Bus K6 from Kuching, arrives with plenty of time to walk the 1.3km track to the centre at the Semenggoh nature reserve. Here you can see crocodiles and maybe an orangutan or two hanging out near the feeding platforms.
At 9am the park ranger gather’s people to head to the central feeding area, just a short walk into the jungle, giving a short commentary on what to expect and requesting the noise is kept to a minimum.
Two apes, one apparently the oldest female in the park, came to feed while we were waiting for the official feeding session to begin. Then another three orangutans came down to feed on the bananas offered on the feeding platform inside the jungle and one was with baby.
The rangers clear you out very quickly after the hour is up, unfortunately there isn’t much else open at the park anymore, but the orangutans are enough to make this a worthwhile visit.
I went to check out the crocodiles whilst the crowds cleared a bit, and was busy taking a picture of one of them when a ranger started calling out. I turned around to see him waving at me, and just to my right shoulder was a huge orangutan… lumbering through the edge of the forest.
It was the biggest I’ve ever seen, and turned out to be Ritchie, who apparently isn’t very friendly, doesn’t like noise and who is renowned for causing many an evacuation. He was about 15 metres from me!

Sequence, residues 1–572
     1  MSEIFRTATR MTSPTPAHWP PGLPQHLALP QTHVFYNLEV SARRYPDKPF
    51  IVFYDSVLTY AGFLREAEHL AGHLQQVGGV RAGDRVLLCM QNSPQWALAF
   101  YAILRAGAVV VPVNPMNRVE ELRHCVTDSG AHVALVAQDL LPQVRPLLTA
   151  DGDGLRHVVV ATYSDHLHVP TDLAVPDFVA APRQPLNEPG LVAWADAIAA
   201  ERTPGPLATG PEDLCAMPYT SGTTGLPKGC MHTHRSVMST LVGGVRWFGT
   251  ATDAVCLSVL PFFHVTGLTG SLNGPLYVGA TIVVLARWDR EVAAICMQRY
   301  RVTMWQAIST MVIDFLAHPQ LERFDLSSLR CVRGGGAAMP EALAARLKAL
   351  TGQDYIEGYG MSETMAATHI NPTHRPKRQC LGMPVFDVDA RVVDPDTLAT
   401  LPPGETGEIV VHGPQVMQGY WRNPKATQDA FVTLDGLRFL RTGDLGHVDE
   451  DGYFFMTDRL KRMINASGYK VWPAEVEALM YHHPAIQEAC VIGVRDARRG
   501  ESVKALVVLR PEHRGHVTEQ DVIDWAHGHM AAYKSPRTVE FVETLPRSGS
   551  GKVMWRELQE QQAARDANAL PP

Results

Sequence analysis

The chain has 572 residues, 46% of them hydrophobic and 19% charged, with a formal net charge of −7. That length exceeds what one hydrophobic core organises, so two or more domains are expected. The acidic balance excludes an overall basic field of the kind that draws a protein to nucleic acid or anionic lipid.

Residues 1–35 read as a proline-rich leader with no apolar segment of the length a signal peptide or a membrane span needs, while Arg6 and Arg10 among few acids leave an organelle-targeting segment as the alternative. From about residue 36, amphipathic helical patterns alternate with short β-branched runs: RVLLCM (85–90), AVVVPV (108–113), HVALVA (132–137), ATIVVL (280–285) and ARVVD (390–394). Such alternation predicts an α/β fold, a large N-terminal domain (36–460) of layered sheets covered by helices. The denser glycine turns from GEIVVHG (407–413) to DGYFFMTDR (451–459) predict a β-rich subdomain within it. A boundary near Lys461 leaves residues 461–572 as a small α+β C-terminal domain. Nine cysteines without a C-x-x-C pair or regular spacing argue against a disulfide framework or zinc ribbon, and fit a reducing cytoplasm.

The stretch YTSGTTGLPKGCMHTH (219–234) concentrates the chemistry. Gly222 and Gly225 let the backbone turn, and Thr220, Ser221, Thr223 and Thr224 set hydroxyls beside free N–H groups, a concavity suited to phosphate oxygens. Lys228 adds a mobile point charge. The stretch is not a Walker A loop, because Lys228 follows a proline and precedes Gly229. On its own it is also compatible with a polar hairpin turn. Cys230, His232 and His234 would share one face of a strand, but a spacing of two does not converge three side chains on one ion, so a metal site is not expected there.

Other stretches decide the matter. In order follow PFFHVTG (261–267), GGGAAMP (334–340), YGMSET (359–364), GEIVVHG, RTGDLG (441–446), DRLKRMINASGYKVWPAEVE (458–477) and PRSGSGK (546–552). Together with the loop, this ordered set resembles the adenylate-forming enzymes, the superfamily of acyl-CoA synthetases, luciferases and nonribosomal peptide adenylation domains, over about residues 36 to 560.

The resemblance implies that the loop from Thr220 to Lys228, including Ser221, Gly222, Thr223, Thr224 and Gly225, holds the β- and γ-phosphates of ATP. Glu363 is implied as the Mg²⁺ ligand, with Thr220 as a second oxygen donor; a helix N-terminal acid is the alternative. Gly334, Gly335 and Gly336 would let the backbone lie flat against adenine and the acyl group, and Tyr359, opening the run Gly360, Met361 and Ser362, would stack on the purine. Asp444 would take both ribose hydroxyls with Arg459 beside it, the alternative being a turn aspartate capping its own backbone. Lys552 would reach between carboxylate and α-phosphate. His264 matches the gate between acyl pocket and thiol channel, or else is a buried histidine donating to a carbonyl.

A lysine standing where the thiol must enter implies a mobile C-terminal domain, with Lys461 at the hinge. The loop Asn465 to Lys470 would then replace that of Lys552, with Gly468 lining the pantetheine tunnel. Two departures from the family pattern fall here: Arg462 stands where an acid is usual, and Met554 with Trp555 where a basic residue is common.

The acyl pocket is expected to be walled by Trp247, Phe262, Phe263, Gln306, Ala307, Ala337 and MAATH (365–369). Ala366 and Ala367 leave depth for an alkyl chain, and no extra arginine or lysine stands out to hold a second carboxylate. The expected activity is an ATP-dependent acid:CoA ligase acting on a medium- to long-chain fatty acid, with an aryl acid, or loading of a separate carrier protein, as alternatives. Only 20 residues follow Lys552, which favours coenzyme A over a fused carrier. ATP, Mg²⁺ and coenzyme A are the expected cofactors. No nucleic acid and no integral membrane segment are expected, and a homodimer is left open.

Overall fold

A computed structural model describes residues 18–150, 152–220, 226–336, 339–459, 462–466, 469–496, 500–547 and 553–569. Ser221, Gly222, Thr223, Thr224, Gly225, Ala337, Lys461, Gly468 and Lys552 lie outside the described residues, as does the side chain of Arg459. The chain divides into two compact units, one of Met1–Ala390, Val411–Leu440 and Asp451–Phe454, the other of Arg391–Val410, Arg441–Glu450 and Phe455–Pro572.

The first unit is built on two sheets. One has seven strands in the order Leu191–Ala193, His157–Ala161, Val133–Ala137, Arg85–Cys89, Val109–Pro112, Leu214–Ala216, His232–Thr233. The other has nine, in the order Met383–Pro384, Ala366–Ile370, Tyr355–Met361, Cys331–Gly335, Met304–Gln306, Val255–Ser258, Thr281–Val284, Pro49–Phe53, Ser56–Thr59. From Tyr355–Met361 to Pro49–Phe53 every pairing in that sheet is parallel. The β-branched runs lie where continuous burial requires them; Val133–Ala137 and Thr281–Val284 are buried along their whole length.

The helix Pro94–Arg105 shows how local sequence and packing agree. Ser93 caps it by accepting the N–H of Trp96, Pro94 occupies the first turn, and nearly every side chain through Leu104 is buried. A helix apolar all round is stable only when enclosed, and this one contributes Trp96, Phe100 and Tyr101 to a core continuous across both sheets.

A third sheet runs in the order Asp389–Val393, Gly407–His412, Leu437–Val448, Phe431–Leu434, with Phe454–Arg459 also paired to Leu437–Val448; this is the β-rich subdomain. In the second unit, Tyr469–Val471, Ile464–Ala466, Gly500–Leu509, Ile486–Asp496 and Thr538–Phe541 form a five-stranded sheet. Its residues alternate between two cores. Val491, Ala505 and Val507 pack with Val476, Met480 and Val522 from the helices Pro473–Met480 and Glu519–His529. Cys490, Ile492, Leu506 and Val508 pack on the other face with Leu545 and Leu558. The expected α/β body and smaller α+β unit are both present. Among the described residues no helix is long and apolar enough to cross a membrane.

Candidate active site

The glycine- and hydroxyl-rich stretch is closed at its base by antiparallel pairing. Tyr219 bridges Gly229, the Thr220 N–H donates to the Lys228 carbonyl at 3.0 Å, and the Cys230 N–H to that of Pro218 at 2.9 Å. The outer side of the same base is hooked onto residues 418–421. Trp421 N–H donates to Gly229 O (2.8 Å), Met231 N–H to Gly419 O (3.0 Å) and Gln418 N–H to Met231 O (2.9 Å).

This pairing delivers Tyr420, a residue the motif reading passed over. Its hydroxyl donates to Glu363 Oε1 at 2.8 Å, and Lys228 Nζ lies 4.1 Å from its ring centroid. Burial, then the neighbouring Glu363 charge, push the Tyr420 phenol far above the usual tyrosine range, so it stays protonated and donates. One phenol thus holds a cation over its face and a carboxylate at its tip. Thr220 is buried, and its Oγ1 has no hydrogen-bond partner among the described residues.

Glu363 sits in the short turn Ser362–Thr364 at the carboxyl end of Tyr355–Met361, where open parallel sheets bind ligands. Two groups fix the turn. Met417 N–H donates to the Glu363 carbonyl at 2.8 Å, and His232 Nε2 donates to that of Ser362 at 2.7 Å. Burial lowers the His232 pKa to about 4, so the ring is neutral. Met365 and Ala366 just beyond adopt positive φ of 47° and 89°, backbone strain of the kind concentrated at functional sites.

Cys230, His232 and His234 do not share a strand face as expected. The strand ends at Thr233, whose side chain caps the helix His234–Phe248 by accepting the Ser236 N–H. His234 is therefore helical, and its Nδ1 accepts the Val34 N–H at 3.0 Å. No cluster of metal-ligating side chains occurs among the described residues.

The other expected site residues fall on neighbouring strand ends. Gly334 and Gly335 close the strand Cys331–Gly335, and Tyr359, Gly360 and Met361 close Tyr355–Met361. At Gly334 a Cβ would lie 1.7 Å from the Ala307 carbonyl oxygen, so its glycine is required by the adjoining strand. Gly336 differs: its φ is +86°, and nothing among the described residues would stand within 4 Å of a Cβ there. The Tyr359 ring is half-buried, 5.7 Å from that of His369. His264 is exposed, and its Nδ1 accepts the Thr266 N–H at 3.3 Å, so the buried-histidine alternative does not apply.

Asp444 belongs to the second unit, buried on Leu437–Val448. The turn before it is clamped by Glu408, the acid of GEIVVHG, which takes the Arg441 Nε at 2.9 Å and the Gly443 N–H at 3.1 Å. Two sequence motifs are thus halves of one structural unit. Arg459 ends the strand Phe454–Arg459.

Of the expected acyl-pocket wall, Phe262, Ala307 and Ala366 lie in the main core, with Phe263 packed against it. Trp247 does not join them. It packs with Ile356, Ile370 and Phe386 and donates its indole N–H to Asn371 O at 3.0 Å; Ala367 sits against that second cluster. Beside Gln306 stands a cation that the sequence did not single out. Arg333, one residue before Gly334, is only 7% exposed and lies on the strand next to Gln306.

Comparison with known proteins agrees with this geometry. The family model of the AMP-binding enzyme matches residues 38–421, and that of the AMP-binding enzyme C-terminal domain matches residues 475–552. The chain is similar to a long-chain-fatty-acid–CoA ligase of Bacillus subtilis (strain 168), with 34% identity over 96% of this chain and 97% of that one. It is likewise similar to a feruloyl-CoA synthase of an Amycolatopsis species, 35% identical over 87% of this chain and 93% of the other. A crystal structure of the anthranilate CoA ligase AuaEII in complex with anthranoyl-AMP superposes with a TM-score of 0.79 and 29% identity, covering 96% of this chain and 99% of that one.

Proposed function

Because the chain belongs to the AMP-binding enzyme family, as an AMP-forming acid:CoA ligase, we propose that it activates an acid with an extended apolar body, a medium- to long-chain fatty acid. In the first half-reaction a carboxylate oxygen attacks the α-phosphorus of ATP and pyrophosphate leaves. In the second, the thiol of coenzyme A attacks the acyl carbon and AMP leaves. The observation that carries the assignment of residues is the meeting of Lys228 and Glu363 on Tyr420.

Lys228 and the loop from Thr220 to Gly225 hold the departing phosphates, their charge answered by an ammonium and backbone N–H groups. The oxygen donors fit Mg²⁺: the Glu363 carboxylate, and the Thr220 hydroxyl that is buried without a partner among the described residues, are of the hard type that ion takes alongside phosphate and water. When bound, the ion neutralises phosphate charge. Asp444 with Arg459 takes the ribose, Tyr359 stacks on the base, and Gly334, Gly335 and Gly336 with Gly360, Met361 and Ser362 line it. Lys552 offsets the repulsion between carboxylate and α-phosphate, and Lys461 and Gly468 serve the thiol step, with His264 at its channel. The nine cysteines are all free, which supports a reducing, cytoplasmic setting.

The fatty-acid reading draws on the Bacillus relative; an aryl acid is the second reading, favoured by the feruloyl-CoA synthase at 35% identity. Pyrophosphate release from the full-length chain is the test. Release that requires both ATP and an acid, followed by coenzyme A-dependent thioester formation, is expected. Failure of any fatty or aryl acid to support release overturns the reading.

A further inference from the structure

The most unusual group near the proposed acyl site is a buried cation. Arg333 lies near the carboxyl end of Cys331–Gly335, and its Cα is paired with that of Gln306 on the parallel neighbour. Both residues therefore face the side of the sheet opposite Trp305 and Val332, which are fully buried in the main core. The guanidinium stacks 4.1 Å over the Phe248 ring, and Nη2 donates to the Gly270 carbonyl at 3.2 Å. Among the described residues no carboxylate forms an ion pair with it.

I quickly followed the group of people who were heading for the bridge, desperately wanting to turn round and take a photo of the beast, but the rangers were coaxing me out as quickly as possible.
|Ritchie, from a safe distance|
Fortunately I got to see him back up in the trees heading for an out of reach feeding platform located at a safe distance. Still scary as he is absolutely massive.
I had planned to visit the more famous Sepilok orangutan rehabilitation centre when we reached Sabah, but our spontaneous decision to bail out of Malaysia virtually overnight has left this on my to do list.
However, I have read and heard quite a few negative reviews about the centre there and in my view the Semenggoh nature reserve is a much better place to go to see orangutans.
I can certainly say that Semenggoh was one of the highlights of my trip to Malaysian Borneo – but a visit is dependent on how lucky you are that the apes will come to feed. I don’t think a no show has occurred recently, but often it’s just one or two that visit at feeding time. We were exceptionally lucky.